Regulation (EC) No 561/2006 provides a common set of EU rules for maximum daily and fortnightly driving times, as well as daily and weekly minimum rest periods for all drivers of road haulage and passenger transport vehicles, subject to specified exceptions and national derogations. The scope of operations regulated is tremendously diverse, it includes: passenger transport and road haulage operations, both international and national, long and short distance, drivers for own account and for hire and reward, employees and self-employed.
The aim of this set of rules is to avoid distortion of competition, improve road safety and ensure drivers' good working conditions within the European Union.
These rules establish notably that:
- Daily driving period shall not exceed 9 hours, with an exemption of twice a week when it can be extended to 10 hours.
- Total weekly driving time may not exceed 56 hours and the total fortnightly driving time may not exceed 90 hours.
- Daily rest period shall be at least 11 hours, with an exception of going down to 9 hours maximum three times a week. Daily rest can be split into 3 hours rest followed by 9 hour rest to make a total of 12 hours daily rest.
- Breaks of at least 45 minutes (separable into 15 minutes followed by 30 minutes) should be taken after 4 ½ hours at the latest.
- Weekly rest is 45 continuous hours, which can be reduced every second week to 24 hours. Compensation arrangements apply for reduced weekly rest period. Weekly rest is to be taken after six days of working, except for coach drivers engaged in a single occasional service of international transport of passengers who may postpone their weekly rest period after 12 days in order to facilitate coach holidays.
- Daily and/or weekly driving times may be exceeded in exceptional circumstances by up to one hour to enable the driver to reach his/her place of residence or the employer’s operational centre in order to take a weekly rest period. Exceeding the daily and/or weekly driving times by up to two hours is also allowed to enable the driver to reach his/her place of residence or the employer’s operational centre in order to take a regular weekly rest period.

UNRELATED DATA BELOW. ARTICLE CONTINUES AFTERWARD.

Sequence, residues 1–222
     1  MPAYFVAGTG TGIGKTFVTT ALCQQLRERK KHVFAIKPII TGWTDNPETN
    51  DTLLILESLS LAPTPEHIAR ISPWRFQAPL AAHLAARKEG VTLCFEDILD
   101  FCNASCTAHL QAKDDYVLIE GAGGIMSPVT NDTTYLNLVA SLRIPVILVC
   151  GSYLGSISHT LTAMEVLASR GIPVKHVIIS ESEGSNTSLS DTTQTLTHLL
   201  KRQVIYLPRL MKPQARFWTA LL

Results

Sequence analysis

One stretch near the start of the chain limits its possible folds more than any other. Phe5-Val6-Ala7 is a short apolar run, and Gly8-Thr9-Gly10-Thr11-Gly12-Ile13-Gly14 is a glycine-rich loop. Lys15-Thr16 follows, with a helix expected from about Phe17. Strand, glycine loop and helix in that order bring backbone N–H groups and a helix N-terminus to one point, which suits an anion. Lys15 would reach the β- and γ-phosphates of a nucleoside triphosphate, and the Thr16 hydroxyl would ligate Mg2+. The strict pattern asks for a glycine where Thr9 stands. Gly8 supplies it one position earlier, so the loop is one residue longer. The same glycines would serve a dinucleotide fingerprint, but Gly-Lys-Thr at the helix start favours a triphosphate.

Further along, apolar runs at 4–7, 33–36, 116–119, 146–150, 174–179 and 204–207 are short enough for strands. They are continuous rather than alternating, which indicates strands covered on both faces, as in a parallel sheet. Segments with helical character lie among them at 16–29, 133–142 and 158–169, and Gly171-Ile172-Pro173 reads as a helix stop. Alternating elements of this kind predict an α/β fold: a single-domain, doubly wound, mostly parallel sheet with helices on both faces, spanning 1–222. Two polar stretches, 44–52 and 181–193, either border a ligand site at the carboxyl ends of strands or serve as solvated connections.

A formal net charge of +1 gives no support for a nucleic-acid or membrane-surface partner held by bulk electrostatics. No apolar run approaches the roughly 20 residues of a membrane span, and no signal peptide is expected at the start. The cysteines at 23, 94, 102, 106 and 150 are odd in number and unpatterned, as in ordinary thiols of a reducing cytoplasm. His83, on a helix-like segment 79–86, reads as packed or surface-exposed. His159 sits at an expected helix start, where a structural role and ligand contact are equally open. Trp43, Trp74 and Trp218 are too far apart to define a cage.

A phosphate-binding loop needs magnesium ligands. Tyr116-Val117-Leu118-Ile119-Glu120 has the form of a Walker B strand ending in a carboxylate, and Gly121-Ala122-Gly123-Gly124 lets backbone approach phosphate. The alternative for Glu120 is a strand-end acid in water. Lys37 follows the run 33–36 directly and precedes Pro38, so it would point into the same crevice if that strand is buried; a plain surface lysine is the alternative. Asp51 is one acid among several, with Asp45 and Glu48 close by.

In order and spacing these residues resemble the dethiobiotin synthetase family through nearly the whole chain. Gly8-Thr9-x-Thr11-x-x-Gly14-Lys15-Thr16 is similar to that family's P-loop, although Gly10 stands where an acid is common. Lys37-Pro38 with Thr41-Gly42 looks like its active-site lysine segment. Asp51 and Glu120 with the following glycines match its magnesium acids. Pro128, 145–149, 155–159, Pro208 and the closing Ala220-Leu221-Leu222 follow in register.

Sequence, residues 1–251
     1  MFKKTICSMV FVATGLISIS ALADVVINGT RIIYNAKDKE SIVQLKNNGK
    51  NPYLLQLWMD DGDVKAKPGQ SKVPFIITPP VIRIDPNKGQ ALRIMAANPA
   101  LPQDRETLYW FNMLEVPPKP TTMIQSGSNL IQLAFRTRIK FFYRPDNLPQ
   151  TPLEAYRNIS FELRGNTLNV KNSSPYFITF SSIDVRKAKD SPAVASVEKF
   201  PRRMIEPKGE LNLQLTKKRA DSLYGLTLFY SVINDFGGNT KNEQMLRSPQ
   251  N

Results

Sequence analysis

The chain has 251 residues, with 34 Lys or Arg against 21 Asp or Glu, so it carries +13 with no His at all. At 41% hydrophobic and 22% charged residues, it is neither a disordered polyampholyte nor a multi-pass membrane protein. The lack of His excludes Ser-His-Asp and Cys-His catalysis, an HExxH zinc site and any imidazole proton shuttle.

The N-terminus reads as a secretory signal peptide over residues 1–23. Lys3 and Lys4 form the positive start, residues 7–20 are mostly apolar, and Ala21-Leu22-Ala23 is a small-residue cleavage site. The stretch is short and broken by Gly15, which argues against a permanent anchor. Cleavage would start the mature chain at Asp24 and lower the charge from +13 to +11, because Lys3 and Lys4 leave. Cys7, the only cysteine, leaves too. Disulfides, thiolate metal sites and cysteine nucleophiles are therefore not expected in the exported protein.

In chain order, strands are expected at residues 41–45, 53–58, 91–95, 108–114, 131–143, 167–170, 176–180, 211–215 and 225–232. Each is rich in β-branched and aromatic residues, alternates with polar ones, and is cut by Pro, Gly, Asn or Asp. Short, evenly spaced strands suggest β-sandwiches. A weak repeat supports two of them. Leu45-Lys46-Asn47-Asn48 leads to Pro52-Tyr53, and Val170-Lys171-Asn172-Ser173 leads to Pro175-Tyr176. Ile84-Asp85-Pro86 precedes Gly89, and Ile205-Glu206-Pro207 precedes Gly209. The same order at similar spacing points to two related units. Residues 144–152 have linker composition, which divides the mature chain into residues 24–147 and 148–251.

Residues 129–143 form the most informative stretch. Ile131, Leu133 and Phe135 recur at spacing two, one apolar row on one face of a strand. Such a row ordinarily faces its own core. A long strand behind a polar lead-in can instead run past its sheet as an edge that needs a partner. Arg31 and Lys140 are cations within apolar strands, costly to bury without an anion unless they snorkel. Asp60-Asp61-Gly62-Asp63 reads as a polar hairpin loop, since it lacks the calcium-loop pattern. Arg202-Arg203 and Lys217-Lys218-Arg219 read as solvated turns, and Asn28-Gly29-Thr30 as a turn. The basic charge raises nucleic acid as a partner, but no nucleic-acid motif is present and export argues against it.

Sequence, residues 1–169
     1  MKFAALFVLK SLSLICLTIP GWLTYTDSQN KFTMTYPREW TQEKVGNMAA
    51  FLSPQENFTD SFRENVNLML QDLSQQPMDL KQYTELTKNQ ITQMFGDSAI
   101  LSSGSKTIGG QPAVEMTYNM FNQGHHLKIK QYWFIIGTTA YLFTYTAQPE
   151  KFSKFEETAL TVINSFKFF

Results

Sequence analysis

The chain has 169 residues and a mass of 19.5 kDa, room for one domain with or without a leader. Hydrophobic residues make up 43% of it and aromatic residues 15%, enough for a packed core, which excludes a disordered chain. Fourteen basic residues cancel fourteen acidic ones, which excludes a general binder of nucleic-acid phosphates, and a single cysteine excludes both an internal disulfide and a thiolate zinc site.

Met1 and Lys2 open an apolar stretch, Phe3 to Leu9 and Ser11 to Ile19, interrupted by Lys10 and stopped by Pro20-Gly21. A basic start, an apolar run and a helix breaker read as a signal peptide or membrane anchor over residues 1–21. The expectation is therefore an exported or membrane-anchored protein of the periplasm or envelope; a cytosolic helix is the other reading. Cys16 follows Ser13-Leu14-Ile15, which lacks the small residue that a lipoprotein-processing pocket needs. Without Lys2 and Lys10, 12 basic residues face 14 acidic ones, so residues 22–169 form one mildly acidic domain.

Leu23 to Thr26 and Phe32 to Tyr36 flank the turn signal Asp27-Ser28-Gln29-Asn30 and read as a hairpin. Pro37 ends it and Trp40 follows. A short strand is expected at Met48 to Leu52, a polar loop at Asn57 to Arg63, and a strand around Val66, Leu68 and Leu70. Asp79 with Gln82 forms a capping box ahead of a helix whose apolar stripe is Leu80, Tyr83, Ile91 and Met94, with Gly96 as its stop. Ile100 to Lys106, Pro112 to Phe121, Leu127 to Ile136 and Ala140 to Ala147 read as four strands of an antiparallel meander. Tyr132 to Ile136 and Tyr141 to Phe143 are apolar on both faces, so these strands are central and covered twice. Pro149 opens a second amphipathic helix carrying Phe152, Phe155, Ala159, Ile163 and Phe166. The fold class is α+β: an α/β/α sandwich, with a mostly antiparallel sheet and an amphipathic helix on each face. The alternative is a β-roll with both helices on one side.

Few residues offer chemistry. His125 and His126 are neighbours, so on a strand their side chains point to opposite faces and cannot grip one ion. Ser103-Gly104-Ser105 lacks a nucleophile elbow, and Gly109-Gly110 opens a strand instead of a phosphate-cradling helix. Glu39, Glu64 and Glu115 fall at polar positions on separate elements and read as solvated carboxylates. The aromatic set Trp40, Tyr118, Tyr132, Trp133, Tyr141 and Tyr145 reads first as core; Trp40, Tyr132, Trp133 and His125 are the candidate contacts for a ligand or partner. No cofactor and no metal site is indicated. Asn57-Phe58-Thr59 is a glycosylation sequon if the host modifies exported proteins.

The compliance with these provisions is subject to continuous monitoring and controls, which are carried out on national and international level via checking tachograph records at the road side and at the premises of undertakings.
National exceptions from drivers' hours rules
Article 13 (1) of Regulation (EC) No 561/2006 sets out a list of possible national derogations from application of provisions on driving times, breaks and rest periods (Articles 5 to 9 of the Regulation). It is within the competence of each Member States to decide whether any of the listed possible national derogations will be granted or not.
Article 14 of the Regulation lays down that Member States may grant, in urgent cases, exceptions from the application of Articles 6 to 9 for up to 30 days to transport operations carried out in exceptional circumstances. This table gives an overview of all recent temporary national exceptions notified by the Member States to the Commission in accordance with Article 14.
The Court of Justice of the European Union judgements concerning social rules in road transport
Certain Court judgments under earlier legislation which has been repealed remain relevant as interpretative guidance on key provisions carried over into the current legislation. However, the relevance of Court rulings for the application and interpretation of Regulation 561/2006 should be assessed on a case by case basis.
Regulation (EC) No 561/2006 of the European Parliament and of the Council of 15 March 2006 on the harmonisation of certain social legislation relating to road transport and amending Council Regulations (EEC) No 3821/85 and (EC) No 2135/98 and repealing Council Regulation (EEC) No 3820/85